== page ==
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  10. A Capri 22 handles like a dinghy????? A Cal 20 is very dinghy like, a Capri...hmmm. Are you sailing out of Martin's? I know that Sac State has a pretty decent sailing school and club. The membership is a bargain too, I think it's around $300 for the family. Membership gives you access to keelboats, cats and Lasers.

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  11. Maybe I've spent too much time in my fat Cat, Joe.

    The Sac State program is where I first got to capsize a Laser. It's nice being able to sail in shorts and a tee shirt. If you haven't been there in a while, you wouldn't recognize the place. They've developed it into maybe the best rowing venue on the west coast.

    I think I was the first one to get checked out in their Holder 20's when they added keelboats in the early 80's.

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  12. Baydog, Catalina's Frank Butler was a genius at reading his market. He was one of the first to realize that most of his customers would never be crossing oceans but did want a large, comfy space below. The Catalina 30 may have been the first 'boat show' boat. Despite this, they've turned out to be good boats for SF Bay - they're happy in heavier air and actually sail pretty well in those conditions. Dinghies they ain't, though.

    Carol Anne, I've always loved the lines on the Etchells. I can't think of a 30 more different than my boat, though. The Etchells weighs less than the the keel on the Catalina, I think.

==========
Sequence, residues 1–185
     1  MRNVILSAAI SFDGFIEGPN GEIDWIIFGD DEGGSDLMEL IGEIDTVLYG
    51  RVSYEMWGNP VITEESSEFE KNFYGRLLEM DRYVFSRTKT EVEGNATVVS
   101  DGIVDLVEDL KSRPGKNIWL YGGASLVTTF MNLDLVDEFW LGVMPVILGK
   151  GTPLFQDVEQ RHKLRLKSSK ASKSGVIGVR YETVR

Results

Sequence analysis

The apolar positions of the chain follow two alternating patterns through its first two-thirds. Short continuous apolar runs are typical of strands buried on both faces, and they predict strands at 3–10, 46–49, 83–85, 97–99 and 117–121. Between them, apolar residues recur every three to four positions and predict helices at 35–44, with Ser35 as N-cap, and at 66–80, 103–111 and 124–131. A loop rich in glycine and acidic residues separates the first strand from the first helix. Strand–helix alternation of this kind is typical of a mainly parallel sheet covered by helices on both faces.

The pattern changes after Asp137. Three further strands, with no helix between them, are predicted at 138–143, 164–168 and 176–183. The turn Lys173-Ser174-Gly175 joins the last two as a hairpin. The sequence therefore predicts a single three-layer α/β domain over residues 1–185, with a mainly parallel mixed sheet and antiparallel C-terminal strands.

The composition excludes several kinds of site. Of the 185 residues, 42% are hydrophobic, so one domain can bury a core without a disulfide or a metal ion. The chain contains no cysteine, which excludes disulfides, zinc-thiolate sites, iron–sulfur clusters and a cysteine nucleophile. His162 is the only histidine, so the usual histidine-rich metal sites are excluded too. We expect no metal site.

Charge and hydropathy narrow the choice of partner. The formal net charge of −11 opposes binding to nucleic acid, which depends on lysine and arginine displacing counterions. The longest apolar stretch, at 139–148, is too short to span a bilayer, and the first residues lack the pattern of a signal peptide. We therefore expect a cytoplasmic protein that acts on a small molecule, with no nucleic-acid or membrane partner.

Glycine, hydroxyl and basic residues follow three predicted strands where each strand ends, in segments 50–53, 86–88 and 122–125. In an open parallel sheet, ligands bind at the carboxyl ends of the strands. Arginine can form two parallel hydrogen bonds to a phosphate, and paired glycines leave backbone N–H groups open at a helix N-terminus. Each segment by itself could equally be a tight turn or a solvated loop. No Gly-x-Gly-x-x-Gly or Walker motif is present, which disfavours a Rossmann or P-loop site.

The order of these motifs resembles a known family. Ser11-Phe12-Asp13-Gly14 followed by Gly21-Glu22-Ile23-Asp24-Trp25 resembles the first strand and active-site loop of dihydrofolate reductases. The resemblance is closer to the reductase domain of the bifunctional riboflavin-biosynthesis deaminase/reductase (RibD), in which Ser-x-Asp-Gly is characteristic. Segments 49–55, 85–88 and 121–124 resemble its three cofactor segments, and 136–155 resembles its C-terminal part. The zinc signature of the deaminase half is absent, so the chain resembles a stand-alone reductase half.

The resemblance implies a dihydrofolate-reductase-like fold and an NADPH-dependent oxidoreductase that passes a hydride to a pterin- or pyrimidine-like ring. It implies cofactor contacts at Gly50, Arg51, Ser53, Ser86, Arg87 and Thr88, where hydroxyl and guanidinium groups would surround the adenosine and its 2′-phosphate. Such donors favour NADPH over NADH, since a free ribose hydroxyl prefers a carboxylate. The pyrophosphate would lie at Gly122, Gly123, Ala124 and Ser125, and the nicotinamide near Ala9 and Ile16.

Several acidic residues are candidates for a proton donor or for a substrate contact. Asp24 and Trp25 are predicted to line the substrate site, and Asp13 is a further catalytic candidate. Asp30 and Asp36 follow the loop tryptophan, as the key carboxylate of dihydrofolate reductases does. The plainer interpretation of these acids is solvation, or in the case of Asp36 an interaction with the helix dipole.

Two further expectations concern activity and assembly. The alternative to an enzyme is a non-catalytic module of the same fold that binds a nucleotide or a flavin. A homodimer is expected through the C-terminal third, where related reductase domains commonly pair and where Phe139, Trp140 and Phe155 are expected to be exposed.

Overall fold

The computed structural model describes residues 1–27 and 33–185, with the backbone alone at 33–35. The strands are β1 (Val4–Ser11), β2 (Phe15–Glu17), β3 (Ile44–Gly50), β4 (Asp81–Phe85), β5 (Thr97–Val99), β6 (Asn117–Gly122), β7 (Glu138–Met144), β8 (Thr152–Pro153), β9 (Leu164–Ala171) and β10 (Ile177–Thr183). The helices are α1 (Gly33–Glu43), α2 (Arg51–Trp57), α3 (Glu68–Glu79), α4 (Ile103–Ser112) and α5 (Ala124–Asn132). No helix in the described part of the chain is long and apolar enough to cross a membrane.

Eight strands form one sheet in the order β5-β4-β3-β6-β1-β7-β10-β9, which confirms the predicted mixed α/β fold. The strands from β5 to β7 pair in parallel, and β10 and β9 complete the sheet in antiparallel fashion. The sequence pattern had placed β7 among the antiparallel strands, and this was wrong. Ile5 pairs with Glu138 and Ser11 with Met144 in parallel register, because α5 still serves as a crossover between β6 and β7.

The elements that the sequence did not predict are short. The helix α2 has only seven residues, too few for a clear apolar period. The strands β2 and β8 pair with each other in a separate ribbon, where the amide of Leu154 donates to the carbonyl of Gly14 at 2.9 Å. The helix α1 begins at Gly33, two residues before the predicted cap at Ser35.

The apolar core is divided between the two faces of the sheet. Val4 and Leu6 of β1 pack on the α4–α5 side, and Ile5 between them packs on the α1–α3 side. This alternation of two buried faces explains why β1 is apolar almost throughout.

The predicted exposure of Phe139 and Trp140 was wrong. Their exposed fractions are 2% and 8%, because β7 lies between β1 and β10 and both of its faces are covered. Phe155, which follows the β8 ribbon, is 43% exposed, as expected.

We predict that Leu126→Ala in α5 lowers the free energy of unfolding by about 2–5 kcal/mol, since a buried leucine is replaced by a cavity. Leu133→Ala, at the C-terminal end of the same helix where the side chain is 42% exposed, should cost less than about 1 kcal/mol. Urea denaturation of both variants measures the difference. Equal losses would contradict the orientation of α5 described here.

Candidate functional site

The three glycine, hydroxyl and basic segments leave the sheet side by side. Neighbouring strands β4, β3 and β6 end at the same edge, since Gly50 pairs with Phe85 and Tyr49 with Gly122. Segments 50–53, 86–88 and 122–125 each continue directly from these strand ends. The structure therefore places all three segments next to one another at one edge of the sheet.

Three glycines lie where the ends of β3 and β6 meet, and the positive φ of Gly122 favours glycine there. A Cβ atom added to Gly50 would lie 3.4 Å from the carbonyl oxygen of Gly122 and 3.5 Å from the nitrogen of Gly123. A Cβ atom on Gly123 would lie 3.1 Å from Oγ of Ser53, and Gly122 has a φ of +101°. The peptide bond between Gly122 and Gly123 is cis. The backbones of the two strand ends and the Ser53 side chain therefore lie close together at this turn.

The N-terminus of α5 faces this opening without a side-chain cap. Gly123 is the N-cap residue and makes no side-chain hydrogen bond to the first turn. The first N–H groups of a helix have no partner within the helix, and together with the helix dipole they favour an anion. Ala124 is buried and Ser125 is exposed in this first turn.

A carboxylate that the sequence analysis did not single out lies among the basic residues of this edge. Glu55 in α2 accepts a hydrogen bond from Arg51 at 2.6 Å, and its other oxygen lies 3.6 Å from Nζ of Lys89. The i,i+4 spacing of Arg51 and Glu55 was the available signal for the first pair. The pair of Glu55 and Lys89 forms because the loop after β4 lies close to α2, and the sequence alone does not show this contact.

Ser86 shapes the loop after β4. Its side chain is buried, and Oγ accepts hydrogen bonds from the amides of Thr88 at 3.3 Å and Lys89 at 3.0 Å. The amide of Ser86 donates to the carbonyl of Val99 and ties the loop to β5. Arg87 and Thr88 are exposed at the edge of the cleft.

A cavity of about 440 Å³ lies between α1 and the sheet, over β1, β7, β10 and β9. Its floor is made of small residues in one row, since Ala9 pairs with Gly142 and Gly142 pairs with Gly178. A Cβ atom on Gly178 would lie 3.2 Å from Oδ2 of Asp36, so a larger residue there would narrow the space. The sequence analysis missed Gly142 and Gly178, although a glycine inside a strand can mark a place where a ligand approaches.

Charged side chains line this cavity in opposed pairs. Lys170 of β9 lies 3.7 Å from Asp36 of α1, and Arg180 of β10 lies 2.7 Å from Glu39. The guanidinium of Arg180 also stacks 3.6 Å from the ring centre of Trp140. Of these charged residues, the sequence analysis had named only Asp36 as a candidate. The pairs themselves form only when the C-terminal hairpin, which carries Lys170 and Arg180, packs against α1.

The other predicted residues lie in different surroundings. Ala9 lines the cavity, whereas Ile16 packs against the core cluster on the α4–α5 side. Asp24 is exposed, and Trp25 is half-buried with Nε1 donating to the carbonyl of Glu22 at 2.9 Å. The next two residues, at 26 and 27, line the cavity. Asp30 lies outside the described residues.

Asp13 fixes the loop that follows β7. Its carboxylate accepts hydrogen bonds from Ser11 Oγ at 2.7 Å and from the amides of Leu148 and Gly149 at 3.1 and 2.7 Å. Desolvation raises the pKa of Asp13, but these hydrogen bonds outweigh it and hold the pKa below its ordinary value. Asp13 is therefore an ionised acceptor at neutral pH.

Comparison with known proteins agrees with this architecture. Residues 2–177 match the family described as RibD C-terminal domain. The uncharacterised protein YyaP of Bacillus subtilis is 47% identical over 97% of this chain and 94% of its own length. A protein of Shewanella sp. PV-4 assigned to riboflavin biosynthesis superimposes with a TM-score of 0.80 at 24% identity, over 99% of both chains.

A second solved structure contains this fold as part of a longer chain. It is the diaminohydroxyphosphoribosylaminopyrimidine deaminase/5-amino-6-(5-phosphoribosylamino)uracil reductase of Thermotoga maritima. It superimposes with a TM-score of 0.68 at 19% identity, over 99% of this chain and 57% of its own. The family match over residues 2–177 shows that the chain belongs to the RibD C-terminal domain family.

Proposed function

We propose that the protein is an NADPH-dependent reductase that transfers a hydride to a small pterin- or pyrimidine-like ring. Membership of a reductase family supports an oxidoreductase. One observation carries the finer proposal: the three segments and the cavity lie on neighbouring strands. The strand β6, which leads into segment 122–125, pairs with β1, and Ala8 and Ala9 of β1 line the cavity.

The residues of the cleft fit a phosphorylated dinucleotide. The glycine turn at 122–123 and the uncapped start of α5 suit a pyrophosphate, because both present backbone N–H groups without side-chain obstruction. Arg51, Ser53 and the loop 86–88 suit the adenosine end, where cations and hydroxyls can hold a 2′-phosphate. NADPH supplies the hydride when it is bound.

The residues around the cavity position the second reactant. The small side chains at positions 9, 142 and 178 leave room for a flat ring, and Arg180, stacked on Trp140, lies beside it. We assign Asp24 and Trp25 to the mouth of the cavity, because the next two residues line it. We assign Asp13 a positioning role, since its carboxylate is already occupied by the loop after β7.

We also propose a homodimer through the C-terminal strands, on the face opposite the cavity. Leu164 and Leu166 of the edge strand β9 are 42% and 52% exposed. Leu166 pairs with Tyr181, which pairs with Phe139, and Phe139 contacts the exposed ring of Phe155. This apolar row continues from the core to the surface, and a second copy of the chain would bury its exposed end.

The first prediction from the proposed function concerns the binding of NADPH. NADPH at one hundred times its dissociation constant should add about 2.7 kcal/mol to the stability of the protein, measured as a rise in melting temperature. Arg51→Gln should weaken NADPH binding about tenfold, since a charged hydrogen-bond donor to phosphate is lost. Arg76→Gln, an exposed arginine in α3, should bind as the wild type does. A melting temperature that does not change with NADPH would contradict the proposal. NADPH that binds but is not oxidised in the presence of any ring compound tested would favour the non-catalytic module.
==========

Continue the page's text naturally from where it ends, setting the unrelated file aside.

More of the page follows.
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  13. Wait a second, "Etchells is that even though it is more than 30 feet long, it's really a dinghy." An Etchells is a dinghy? I know that I just fell off the turnip truck, but dinghy??? Really????

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  14. Why do keelboat owners always have to argue about whose boat handles most like a dinghy?

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  15. i just cannot get the idea of a personal floatation bra out of my mind. I really would like one. Are they coast guard approved yet?

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  16. Bowsprite, I'm having a little trouble getting the idea of a personal floatation bra out of my mind, too.

    I'm sure the Coast Guard is looking at this carefully.

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  17. I did once, a long time ago, comment about how it's hard for a short but broad broad to find a PFD that fits right. The question I asked was "What kind of Mae West would Mae West wear?"

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  18. Feeling things in a small boat...

    Hmmm no comment

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  19. We feel ya there O'Dock - best sailing I've done this year was one sail on 12 feet of boat -

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  20. Yes, even though the Etchells is 30'6", the whole boat only weighs 3/4 as much as O Docker's keel.

    However, the Etchells has almost 60% ballast ratio compared to about 41% on the Catalina and many other boats, so it's quite stiff.

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  21. "Be the ball, Danny. nananan nunununu..."

    I jest, but you're right on the mark.